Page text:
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Michigan, United States
a registered yoga teacher, and a Thai/Yoga Bodywork practitioner.

Thursday, June 30, 2011

Slush fun

Nathan always says, "No." Unless it's plugged in or battery-run, he resists trying whatever I propose. So when I reminded him that we were going to learn how to make paper Wednesday afternoon, he moaned and fussed.

"Why didn't you WARN me?" he droned.

"I did. Many times. You tuned it out." It's a yogic practice to keep from throttling your own children on some days.

Madelyn was all for it--she'll try most anything as whatever is new intrigues her.

A few months ago, I did a Yoga Bodywork session in exchange for learning how to make paper. The client is an artist, was a museum curator and teacher, and does paper-making workshops at area colleges, art centers, etc. She has a barn studio and all the materials. She had tables set up under two trees, in the shade (because making paper in the sun dries the pulp too quickly), and she told us to come "ready to get wet" because making paper is a slushy business.

First she asked: "Who made the first paper?"

After a few guesses and a pause, Nate mumbled, "I'm lost."

Our teacher exclaimed, "You're right! It was the wasp." (Lucky mumble, Nate). She showed us an empty wasps' nest, pulling off a piece of the top layer, paper so thin you could see through it.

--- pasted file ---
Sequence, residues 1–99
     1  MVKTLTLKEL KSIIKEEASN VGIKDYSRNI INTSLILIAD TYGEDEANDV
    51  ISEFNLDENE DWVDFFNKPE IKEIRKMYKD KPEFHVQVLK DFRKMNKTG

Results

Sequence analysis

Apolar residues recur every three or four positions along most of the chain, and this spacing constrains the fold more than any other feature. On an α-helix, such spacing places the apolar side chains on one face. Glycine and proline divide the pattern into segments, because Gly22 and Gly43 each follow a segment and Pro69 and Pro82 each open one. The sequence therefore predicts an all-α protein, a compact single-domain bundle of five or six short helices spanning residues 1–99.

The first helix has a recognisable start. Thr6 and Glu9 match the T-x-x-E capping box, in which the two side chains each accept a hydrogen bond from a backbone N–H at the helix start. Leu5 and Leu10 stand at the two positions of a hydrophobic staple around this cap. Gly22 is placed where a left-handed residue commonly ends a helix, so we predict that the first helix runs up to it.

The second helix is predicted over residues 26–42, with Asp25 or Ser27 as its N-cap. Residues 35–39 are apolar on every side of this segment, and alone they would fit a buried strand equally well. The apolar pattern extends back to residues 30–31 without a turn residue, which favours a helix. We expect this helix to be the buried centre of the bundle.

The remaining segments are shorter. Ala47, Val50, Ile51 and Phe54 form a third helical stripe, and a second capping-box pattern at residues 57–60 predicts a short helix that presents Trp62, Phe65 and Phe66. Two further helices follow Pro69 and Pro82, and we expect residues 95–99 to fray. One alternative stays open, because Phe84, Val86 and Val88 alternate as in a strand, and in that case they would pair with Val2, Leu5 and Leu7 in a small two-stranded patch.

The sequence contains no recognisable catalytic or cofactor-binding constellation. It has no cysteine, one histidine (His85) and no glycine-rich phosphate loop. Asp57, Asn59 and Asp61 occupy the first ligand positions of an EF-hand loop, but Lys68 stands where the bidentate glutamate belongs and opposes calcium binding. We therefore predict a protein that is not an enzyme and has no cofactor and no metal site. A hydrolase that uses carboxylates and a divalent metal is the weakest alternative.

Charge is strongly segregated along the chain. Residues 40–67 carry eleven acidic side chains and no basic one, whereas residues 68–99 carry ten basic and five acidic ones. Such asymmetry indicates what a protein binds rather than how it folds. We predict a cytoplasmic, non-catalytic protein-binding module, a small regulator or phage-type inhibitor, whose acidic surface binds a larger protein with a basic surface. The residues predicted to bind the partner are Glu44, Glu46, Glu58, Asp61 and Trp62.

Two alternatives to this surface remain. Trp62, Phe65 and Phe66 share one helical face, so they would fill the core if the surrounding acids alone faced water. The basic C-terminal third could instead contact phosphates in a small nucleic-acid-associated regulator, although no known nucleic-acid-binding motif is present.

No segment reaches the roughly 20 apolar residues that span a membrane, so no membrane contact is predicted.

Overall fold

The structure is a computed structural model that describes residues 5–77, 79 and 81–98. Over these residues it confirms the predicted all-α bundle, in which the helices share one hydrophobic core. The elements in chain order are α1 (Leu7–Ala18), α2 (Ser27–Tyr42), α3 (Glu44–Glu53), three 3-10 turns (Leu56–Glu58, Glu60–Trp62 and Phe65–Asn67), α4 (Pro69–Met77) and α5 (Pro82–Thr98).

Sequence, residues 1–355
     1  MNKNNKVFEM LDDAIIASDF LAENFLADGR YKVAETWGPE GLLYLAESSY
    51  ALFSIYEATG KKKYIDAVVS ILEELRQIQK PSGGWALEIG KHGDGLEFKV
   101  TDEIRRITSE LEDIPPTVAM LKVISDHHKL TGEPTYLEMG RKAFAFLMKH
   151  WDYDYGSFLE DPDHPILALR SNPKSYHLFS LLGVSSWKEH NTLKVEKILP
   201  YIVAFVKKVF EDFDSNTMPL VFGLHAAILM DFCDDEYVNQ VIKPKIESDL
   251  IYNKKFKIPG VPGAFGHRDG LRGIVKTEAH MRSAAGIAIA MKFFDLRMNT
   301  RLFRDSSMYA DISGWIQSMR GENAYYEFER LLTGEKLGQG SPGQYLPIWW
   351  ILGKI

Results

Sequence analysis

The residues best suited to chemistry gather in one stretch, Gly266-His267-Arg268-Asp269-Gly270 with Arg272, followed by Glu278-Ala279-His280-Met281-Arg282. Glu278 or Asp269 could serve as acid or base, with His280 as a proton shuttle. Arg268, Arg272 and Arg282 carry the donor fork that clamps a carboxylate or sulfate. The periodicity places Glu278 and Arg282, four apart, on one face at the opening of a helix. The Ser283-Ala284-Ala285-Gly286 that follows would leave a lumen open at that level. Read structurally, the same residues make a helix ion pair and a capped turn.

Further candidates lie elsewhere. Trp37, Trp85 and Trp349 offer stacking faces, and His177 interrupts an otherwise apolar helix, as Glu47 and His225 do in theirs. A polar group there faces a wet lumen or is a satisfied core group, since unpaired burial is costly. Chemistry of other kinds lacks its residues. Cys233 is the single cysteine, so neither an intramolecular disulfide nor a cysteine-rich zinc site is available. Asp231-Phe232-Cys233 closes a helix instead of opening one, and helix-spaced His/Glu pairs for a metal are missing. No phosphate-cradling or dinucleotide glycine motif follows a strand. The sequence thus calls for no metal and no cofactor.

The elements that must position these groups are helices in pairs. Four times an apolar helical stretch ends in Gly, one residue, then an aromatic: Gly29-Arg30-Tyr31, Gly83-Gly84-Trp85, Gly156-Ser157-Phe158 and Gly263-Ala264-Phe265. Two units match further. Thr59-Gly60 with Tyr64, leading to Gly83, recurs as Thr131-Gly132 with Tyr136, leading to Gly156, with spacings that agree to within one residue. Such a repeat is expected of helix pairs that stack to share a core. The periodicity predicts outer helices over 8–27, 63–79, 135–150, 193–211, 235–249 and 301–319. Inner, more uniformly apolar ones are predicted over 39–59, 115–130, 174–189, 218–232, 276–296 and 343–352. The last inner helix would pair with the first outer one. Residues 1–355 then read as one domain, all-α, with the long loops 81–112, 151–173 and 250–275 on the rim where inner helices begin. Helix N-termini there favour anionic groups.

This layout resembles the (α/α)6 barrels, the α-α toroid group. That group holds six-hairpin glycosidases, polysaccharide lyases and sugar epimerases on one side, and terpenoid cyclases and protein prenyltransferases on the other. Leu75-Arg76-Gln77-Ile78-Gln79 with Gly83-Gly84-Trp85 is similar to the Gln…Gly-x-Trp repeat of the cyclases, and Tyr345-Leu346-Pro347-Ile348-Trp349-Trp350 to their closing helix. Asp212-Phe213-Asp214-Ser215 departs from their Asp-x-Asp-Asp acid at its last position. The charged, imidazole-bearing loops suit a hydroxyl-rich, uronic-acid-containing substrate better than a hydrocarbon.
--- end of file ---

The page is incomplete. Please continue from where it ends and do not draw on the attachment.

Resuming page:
"You can use anything to make paper," she continued, "but it must be from a plant." Then she pointed to a bush by the house. "That's papyrus, what the Egyptians used for their paper. The Egyptians and Chinese were the first to make paper."
(We'll be doing Egypt for history in the fall and Ancient China in the spring. Perfect!)

We poured watery pulp into a frame with a screen at the bottom, lowered it into a water bath, and slooshed the pulp in the water. Pulling the frame straight up, the water drained out, and a layer of wet, even pulp remained. Carefully detaching and lifting off the frame, there lay a sheet of paper. To press out the water, we used shammies, wringing out the water repeatedly.

We cut flower petals and leaves from around the garden to add to subsequent batches, and our teacher had bins-upon-bins full of spices, glitter, grasses, dyes and dye-cuts. Nathan made a couple sheets and proceeded to pace around the yard. Madelyn made several more, doing "better than my high school kids," according to our instructor.

"If I lived here, I would make paper all the time," Madelyn said.

As we prepared to leave, Nathan thanked our host. "This was a lot more fun than I expected," he said.

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